Colombo: A 53-year-old auto-rickshaw driver in Sri Lanka died of a heart attack on Thursday in Colombo’s suburb while waiting in a serpentine queue for fuel for the entire night near a petrol pump, becoming the latest victim, as the fuel crisis in the island nation worsened.

People have left their vehicles for over two nights near filling stations as mostly diesel supplies have dried while long queues remain for petrol supplies.

The three-wheeler driver had been waiting in line for fuel since Wednesday night in the Colombo south suburb of Panadura and he succumbed to cardiac arrest inside his vehicle, authorities said.

This is not the first time a person died while waiting in line for fuel in Sri Lanka. Similar incidents were reported since the beginning of 2022, as some died of heat exhaustion.

Another 64-year-old man died while waiting in a queue for cooking gas at Pugoda, northwest of here on Wednesday night, police said.

The state fuel entity Ceylon Petroleum Corporation (CPC) said the final shipment of diesel under the existing ILC of USD 700 million for fuel arrived on Thursday. However, Prime Minister Ranil Wickremesinghe said the issues would be based on a priority for essential services.

The unloading of this shipment would take three more days to complete. He was hopeful that another ILC (Indian Line of Credit) for USD 500 million would be made available by India very soon. However there was no news on the arrival of the last of the petrol shipments due under the ILC, CPC officials said.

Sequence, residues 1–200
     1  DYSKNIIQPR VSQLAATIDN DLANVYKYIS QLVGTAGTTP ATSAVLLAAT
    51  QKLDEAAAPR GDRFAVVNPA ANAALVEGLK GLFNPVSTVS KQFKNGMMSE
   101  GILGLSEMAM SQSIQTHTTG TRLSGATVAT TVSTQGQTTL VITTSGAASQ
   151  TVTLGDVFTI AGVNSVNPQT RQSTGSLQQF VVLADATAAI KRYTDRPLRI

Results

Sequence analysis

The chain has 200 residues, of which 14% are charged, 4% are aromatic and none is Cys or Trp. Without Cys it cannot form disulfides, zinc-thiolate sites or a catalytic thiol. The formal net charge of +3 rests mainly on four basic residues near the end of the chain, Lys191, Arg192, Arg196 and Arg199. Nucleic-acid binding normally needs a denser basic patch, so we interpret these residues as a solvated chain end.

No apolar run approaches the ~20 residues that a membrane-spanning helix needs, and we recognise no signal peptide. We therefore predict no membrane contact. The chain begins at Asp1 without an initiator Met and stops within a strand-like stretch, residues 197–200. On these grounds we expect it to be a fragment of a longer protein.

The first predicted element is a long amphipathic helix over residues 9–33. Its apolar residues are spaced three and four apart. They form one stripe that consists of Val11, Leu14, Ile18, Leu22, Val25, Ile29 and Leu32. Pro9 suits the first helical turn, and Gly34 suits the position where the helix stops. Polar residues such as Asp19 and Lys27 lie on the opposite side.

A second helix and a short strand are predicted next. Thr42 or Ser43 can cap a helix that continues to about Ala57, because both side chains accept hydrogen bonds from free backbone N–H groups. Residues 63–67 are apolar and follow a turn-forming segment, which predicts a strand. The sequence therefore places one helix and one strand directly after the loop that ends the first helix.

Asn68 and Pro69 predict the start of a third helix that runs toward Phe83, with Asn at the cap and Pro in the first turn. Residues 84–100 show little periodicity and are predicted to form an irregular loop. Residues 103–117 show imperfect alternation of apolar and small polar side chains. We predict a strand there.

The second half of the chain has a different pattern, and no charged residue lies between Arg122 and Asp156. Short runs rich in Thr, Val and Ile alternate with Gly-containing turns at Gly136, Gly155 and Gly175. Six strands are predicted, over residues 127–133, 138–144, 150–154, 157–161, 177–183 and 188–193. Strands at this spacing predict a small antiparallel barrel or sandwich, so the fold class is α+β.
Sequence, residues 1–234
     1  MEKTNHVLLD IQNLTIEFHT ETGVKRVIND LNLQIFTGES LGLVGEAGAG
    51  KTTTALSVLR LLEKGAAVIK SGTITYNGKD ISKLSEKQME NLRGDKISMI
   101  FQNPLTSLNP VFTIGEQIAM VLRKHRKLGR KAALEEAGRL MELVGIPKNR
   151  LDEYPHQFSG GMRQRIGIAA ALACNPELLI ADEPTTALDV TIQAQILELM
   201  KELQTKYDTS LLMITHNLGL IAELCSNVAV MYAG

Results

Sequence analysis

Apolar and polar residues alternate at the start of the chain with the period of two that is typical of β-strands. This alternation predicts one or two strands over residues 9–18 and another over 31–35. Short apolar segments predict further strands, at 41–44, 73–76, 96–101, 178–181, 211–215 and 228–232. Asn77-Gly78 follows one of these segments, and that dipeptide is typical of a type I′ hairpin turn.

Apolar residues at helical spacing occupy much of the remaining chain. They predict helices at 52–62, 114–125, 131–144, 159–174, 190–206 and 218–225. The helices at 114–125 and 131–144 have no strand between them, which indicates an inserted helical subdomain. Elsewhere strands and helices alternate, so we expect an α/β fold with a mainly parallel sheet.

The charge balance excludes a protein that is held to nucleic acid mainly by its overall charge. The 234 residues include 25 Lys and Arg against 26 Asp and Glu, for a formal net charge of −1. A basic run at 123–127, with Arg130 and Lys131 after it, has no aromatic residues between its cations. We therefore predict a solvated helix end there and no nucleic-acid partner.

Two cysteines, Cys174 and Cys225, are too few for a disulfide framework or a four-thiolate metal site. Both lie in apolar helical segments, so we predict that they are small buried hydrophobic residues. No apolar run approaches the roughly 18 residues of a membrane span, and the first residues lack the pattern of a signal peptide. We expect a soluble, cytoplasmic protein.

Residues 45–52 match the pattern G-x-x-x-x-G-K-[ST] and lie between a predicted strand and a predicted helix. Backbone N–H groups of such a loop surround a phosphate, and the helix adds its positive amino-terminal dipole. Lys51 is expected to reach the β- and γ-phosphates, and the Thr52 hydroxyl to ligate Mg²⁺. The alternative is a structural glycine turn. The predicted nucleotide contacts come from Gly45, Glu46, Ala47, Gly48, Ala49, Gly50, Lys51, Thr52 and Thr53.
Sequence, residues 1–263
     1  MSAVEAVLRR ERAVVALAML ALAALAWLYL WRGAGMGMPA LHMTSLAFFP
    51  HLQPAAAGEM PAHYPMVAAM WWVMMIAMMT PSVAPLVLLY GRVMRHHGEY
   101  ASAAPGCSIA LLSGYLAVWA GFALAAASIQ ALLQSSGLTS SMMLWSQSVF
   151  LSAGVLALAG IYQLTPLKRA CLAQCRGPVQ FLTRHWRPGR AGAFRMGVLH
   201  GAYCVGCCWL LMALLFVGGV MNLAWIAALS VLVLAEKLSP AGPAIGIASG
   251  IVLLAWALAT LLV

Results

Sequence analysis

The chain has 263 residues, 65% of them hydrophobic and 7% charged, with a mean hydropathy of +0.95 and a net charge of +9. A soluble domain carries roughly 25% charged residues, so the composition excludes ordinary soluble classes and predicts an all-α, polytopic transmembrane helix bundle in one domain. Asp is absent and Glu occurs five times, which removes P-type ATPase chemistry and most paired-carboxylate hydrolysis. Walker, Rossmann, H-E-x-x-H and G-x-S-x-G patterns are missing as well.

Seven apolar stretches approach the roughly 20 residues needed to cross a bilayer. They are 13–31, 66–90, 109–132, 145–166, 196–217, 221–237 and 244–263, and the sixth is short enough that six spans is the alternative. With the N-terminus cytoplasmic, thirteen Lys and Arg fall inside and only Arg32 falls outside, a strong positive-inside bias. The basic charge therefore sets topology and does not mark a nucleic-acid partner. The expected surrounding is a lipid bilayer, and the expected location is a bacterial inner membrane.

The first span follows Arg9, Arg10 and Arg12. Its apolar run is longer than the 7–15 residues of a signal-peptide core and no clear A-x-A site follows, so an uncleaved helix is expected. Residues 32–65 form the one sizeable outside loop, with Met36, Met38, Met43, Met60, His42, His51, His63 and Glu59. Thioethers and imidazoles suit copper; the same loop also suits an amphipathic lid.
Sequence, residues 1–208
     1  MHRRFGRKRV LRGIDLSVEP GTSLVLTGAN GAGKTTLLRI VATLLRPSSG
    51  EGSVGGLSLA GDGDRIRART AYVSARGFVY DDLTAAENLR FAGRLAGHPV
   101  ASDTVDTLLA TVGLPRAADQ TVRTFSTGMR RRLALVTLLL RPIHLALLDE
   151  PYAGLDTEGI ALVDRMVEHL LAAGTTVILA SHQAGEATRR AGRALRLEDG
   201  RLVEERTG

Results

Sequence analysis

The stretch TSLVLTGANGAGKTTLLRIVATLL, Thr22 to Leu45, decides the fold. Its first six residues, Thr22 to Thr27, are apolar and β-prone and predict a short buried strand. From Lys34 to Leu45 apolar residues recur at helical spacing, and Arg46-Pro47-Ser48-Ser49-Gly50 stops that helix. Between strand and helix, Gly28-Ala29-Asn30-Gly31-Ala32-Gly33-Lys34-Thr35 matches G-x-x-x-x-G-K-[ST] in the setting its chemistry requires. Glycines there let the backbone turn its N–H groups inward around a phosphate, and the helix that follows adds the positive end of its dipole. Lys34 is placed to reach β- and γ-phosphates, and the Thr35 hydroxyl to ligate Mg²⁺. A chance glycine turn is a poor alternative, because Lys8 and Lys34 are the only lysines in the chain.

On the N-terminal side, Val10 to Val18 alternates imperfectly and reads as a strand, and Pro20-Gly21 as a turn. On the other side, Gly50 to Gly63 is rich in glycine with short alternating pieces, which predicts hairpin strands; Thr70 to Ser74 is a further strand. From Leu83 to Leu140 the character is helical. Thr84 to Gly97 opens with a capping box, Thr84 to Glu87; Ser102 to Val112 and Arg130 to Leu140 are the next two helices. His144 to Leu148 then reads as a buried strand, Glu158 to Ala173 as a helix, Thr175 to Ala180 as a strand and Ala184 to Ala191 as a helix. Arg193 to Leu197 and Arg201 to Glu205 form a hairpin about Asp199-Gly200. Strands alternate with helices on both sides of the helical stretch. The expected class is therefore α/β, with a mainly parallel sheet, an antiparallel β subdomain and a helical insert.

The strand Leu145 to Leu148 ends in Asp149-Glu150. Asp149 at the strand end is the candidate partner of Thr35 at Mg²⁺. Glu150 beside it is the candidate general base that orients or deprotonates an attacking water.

Agitated over waiting for long hours at fuel lines, Sri Lankans have blocked roads in protest in many areas.

Lack of fuel has crippled the public transport services by over 50 per cent, the National Transport Commission announced.

The railways department said the services would be crippled soon as it was unable to pay for the engine oil needed to operate the power sets due to the ongoing dollar shortage.

Sri Lanka is facing its worst economic crisis since its independence from Britain 1948.

The economic crisis has prompted an acute shortage of essential items like food, medicine, cooking gas and other fuel, toilet paper, and even matches.

The country is experiencing long queues for refuelling at pumping stations as the government finds it difficult to finance fuel imports to retain a reserve adequate for a minimum of three months.

A move to ration fuel is to be implemented from next month as the forex crisis gets worsened.

The nearly bankrupt country, with an acute foreign currency crisis that resulted in foreign debt default, announced in April that it is suspending nearly USD 7 billion foreign debt repayment due for this year out of about USD 25 billion due through 2026. Sri Lanka’s total foreign debt stands at USD 51 billion.

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